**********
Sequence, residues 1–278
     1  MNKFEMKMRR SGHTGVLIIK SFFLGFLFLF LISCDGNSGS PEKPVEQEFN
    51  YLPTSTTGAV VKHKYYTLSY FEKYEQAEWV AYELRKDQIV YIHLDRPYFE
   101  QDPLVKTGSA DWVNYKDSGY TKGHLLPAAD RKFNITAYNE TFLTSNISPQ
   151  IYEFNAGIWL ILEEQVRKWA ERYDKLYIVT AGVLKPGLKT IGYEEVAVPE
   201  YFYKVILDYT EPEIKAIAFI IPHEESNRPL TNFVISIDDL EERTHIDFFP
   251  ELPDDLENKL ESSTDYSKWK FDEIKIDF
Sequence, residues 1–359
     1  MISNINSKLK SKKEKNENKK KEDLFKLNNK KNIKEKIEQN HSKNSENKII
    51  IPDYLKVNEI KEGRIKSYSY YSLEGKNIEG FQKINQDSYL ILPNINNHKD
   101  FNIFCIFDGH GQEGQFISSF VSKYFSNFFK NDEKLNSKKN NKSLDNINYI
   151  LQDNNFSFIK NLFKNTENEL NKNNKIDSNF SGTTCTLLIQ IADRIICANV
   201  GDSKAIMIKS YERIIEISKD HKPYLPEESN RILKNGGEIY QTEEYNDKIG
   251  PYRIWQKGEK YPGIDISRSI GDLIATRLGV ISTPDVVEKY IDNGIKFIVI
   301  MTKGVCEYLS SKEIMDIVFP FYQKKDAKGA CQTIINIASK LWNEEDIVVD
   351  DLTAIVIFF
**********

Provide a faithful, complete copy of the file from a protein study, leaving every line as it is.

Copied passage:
Sequence, residues 1–278
     1  MNKFEMKMRR SGHTGVLIIK SFFLGFLFLF LISCDGNSGS PEKPVEQEFN
    51  YLPTSTTGAV VKHKYYTLSY FEKYEQAEWV AYELRKDQIV YIHLDRPYFE
   101  QDPLVKTGSA DWVNYKDSGY TKGHLLPAAD RKFNITAYNE TFLTSNISPQ
   151  IYEFNAGIWL ILEEQVRKWA ERYDKLYIVT AGVLKPGLKT IGYEEVAVPE
   201  YFYKVILDYT EPEIKAIAFI IPHEESNRPL TNFVISIDDL EERTHIDFFP
   251  ELPDDLENKL ESSTDYSKWK FDEIKIDF
Sequence, residues 1–359
     1  MISNINSKLK SKKEKNENKK KEDLFKLNNK KNIKEKIEQN HSKNSENKII
    51  IPDYLKVNEI KEGRIKSYSY YSLEGKNIEG FQKINQDSYL ILPNINNHKD
   101  FNIFCIFDGH GQEGQFISSF VSKYFSNFFK NDEKLNSKKN NKSLDNINYI
   151  LQDNNFSFIK NLFKNTENEL NKNNKIDSNF SGTTCTLLIQ IADRIICANV
   201  GDSKAIMIKS YERIIEISKD HKPYLPEESN RILKNGGEIY QTEEYNDKIG
   251  PYRIWQKGEK YPGIDISRSI GDLIATRLGV ISTPDVVEKY IDNGIKFIVI
   301  MTKGVCEYLS SKEIMDIVFP FYQKKDAKGA CQTIINIASK LWNEEDIVVD
   351  DLTAIVIFF